5/5/05 Vol. 2 #9

A day late with the newsletter for good reason.  The heritage turkeys came yesterday morning and we were scrambling around getting the brooder house (a.k.a. Poultry Villa) ready for them.  Every year it is something new with this turkey thing.  This year there are problems between the US Postal Service and certain airlines, who carry the mail, about shipping live birds.  So we were not sure that we were going to be able to get these turkey poults from Texas until they confirmed that they had actually made it on to the plane.  That was Tuesday afternoon and we originally thought we had until Thursday to get ready!  So we scampered around until dark on Tuesday getting the brooder all cleaned out and disinfected and going to town to get feed and  bedding.  Yesterday morning I was putting the finishing touches on the Poultry Villa as Betsy drove up to the Post Office after they called at 7:00 to let us know that the the little cheeping box had arrived.  So here we go again!  70 two day old balls of fluff zipping around.  So far they are all singing and dancing amongst the feeders and waterers.  We plan on getting another 35 Broad Breasted Bronzes from a local source in about 6 weeks to round out the flock.

Cinco de Mayo today and to celebrate we got all of the hot peppers in the ground the last couple of days, now we have to get all of the sweet bells planted if it will ever warm up!  It is now official, this cool spring season is the worst we have had in over ten years.  So cool that even the cool season crops are holding back including the flowers!  For the first time ever we will not have the overflowing flower display at market for the Mothers Day crowds.  It is also holding us back a little on getting the rest of these peppers in the ground as we plant the sweet bells, no-till, into a cover crop that we kill by rolling it down.  The problem is the cover crop won’t kill/die if it is not blooming and because of the cool weather it too is delayed.  Additionally if we plant the sweet bells into the colder-than-usual soil under that cover crop they will just sulk.  We plant the hots into black landscape fabric, just as we do with the early tomatoes, so that the soil is warmer but the sweet peppers don’t need as much heat , usually.  So we are going to wait a week to see if warmer temperatures will finally settle in.  How am I going to bring out the pepper roaster on schedule if peppers are delayed?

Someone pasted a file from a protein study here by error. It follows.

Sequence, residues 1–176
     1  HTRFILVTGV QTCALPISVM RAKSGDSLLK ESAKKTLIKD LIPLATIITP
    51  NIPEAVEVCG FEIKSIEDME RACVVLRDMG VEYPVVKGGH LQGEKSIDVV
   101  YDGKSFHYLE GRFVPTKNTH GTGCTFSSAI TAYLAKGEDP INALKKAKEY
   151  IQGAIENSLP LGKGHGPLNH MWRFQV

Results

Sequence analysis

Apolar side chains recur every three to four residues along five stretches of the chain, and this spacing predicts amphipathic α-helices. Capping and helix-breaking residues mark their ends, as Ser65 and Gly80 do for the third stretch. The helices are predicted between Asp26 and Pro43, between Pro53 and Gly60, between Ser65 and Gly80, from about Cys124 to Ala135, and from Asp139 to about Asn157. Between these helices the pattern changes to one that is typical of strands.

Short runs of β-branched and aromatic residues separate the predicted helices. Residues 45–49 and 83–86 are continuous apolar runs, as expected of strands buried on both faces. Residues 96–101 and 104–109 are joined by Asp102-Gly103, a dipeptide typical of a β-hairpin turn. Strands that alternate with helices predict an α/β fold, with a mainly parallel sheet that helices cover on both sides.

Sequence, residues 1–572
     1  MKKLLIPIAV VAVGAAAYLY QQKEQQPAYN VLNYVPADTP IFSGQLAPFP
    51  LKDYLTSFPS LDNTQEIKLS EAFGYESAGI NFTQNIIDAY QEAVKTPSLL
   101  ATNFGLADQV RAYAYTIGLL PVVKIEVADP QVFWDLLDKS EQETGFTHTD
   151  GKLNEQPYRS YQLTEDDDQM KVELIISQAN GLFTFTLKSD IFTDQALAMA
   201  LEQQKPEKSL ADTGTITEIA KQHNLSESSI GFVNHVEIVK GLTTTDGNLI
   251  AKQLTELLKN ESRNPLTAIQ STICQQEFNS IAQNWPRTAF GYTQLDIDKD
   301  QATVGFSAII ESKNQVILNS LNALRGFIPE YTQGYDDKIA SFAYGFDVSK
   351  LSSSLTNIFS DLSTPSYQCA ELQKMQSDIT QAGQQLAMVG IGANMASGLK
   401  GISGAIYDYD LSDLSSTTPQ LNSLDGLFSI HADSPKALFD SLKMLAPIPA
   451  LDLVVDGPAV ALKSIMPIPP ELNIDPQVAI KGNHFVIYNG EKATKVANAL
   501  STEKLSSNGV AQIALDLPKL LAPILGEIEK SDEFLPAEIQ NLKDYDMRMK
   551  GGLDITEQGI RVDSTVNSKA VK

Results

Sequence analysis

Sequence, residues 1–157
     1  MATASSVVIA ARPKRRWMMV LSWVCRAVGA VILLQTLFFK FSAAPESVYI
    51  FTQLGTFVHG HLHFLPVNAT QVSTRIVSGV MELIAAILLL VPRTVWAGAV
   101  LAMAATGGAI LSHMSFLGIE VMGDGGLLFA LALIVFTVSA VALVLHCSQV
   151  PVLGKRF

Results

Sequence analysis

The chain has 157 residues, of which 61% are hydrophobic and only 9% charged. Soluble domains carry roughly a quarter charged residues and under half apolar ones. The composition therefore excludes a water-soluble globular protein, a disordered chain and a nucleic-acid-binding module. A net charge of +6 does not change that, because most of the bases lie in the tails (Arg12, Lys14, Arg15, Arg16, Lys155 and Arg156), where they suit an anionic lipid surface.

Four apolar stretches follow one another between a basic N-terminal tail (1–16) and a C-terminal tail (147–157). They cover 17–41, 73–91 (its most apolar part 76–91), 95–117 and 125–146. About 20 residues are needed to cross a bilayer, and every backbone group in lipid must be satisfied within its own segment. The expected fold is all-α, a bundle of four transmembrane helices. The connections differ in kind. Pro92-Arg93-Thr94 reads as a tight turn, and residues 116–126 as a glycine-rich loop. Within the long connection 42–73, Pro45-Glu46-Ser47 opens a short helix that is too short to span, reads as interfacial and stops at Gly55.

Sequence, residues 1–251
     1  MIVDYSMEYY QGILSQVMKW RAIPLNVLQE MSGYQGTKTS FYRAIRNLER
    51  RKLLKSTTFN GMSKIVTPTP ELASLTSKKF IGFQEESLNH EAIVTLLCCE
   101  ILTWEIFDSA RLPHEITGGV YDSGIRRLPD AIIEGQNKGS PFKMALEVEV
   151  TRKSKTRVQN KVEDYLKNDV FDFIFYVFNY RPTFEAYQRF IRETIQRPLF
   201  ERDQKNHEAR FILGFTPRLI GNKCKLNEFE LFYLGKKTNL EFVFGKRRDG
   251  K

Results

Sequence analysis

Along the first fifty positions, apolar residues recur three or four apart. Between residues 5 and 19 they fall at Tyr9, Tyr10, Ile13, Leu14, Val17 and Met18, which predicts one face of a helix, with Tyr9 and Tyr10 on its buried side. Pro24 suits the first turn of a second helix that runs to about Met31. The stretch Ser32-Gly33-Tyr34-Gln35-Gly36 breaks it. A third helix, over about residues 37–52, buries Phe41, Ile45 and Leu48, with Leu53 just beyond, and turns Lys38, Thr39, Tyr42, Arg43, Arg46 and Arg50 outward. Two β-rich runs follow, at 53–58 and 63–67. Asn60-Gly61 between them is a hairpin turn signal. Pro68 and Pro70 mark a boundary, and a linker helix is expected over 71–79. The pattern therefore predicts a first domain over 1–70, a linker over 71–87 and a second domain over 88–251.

The cool weather has some good points.  Because there is not a lot for the staff to harvest yet we are getting really caught up on all the other jobs around the place.  Everything is weeded (well almost) , irrigated and trellised.  We may have to break out the paint brushes and put a coat on the packing shed or something!  The Rhubarb plants finally came this week and we planted them quickly.  This is the third time we have tried Rhubarb so if it doesn’t work this time then destiny is not on our side.  I think we finally have learned from our mistakes and have it in the right spot.   Next year we will see if we were right.  The video crew from NC State came out on Tuesday to shoot for a piece on the farm for the on-line Agroecology course.  If it is available for the public to view I will give you the link when it happens.

Picture of the Week
Bourbon Reds, Blue Slates and one of the black sheep Slates drinking and reading the N&O

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